It still took who knows how many quarters out of me over those years…the kid equivalent of a casino! (Anyone remember arcade-politics? That SOB who was so good on Asteroids or Galaga or whatever played forever, so one had to mark their ownership of the next game with a quarter on the bottom on the monitor to both let them know you were both standing there *and* were claiming your rightful place in the next use of that game. :))

    I’m totally jealous of the Sinistar; as a 48 year old man, I easily conjure him up:

    Beware, I Hunger. Run Coward!

    Kind regards for the story.


    1. I do remember the arcade protocols that began with the aces who crowded around Space Invaders, then Asteroids; the click of a quarter being placed on the lower left of the screen, the immediate tension between players being palpable in the room. I remember it all 😊


  11. I went to this arcade religiously. Every weekend my father took me and scary enough….gave me money and dropped me off. However, he paid the employees inside to keep an eye out for me. I ruled the arcade and was Dragon’s lair top scorer and saw the first street fighter come in. Awesome memories!!


  12. Hey! This is my first visit to your blog! We are a collection of volunteers and starting a new project in a community in the same niche. Your blog provided us valuable information to work on. You have done a outstanding job!

    Liked by 1 person

  13. Just stumbled across this article, and that’s awesome! Brings back so many memories! I grew up in Roanoke in the 80s/90s and spent so much time playing Pac Man, Spy Hunter, and the Star Wars arcade machine in that very arcade. I had no idea it was still behind that wall! That area of the mall had been shut off for 15+ years, even back when they had the DMV leasing that part of the mall.

    Liked by 1 person

  14. Spent many an afternoon at the Crossroads Time-Out and the Tanglewood Mall Time Out with my friends. It was THE place to hang out as a middle schooler, popping quarters in Asteroids, Pac Man and other goofy but fun, low-tech games. Crossraods Mall was also the site of my first encounter with Santa Clause in the late 60s. The local newspaper ran a full-length story on the day I discovered the the old man in red, rattling off a list of toys I wanted that apparently, held the line up. Good times.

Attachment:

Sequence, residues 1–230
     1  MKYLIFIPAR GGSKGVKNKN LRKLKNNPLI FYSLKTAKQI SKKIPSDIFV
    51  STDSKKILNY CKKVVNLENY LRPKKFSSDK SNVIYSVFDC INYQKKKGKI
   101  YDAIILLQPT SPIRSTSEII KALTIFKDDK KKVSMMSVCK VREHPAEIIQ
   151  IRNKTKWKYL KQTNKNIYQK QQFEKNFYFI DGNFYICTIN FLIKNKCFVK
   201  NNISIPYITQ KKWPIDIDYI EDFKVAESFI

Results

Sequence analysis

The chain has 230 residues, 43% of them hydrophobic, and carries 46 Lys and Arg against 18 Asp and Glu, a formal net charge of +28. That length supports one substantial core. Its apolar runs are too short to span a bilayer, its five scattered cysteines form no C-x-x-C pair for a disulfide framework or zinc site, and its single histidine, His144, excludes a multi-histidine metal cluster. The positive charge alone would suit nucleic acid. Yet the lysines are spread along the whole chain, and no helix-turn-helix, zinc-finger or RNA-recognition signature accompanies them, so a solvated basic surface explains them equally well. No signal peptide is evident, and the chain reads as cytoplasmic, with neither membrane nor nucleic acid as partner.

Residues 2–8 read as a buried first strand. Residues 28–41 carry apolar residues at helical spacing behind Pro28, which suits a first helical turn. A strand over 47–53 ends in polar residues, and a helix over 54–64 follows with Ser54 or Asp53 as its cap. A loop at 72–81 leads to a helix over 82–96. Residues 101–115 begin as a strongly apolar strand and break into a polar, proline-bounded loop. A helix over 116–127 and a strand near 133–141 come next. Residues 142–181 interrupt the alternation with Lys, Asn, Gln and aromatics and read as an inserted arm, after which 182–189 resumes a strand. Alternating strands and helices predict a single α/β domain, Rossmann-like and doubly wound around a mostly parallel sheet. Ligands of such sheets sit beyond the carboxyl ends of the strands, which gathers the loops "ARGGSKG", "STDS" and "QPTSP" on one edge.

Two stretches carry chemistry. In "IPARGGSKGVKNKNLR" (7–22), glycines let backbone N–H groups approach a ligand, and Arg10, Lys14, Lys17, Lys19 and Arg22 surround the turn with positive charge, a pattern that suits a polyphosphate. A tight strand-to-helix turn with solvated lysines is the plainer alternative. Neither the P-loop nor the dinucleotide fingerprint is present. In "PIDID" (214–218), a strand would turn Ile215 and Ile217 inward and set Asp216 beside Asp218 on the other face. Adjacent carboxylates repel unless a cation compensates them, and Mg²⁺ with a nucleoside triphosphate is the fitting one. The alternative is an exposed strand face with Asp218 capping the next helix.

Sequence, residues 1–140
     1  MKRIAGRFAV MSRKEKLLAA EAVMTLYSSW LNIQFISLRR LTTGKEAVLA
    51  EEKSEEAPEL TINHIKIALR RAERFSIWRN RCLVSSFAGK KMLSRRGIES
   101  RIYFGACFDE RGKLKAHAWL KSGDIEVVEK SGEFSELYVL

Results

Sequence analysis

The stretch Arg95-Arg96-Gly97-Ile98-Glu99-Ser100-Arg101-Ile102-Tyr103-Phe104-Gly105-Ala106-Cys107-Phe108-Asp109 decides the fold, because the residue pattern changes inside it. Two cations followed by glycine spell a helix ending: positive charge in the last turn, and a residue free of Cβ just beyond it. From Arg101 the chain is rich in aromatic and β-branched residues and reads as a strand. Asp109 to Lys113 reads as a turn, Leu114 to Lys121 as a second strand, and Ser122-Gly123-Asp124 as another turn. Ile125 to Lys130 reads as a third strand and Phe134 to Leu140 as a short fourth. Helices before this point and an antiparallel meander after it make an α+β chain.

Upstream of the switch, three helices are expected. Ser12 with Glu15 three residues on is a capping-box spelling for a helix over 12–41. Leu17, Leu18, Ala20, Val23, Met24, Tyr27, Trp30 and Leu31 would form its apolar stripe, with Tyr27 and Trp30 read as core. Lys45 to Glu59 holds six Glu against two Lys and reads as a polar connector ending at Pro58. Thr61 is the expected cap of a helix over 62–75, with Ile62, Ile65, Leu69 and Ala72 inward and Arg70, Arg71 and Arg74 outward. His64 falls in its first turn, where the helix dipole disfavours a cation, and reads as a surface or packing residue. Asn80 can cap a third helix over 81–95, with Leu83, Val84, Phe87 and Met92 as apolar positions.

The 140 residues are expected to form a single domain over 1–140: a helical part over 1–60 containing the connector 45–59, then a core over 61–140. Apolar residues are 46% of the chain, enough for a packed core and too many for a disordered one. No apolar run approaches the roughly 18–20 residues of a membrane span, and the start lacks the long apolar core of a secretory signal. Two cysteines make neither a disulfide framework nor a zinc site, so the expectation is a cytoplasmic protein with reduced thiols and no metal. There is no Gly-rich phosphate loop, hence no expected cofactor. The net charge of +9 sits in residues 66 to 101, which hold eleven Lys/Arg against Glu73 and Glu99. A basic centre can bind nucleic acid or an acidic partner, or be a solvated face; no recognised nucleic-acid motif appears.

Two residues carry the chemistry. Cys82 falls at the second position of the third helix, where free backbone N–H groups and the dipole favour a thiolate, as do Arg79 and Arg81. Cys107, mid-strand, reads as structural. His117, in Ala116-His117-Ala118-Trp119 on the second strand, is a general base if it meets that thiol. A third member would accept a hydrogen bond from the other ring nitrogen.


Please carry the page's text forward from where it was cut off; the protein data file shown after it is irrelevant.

Liked by 1 person

  15. Great article and thanks for the memories. I worked for Time-Out Family Amusement Centers, Inc. from 1979-1996 as a store manager 79-82(Station-Break Penn Station, NY, Bagatelle Place, Port Chester, NY), Regional Manager based in Springfield, VA (1982-87), Divisional Sales Manager (1987-90), Director of Family Entertainment Centers (1990-1991), COO (1991-1995), CEO 1995-96. Here’s a few blanks to fill in from the article and posts:
    -Time-Out also operated as Station-Break name for arcades located in transportation centers like Penn Station in NYC or L’Enfant Plaza in Washington, DC.
    -In 1983 Time-Out bought 13 arcades from Sega America giving us a nationwide footprint. Sega operated SkeeBall in its Seaport Village, San Diego location. That began Time-Outs shift to redemption (ticket) games and helped it to survive and thrive after the video game bubble burst.
    -In 1987 Tico Bonomo sold Time-Out to Sega of Japan.
    -In 1989 Sega of Japan opened two large scale (40,000 square feet) “family entertainment centers,” called Time-Out on the Court ,in Forest Fair Mall in Cincinnati and Thornton Town Center in Thornton, CO (Denver suburb). These were two of the first of its kind, FEC’s are now popular throughout the world. They featured 18 hole miniature golf courses, carousels, other park-like rides, Laser Tag (in 1989!), children’s play zones, and large arcade and midway.
    -In 1990 Sega sold Time-Out to Edison Brother’s Stores, Inc., a St. Louis based mall specialty retailer and a public company on the NY Stock Exchange. Edison formed Edison Entertainment to acquire Time-Out and also acquired Adventure Properties, Inc., which operated under the Space Port brand, and also Dave & Busters (D&B). D&B remained independent and Time-Out and Space Port were combined under Edison Brothers Mall Entertainment, Inc.
    -Edison “spun-off” D&B into an independent public company in 1995, essentially selling D&B initially to Edison shareholders, then to the general public.
    -The parent company, Edison Brothers Stores, Inc. suffered disruption in its core menswear apparel business and filed for Chapter 11 bankruptcy in 1996. Edison Brothers Mall Entertainment was quite healthy at the time but was sold to Namco a) because it had considerable value, and b) it was a non-core asset.
    Hope that helps!

    Liked by 1 person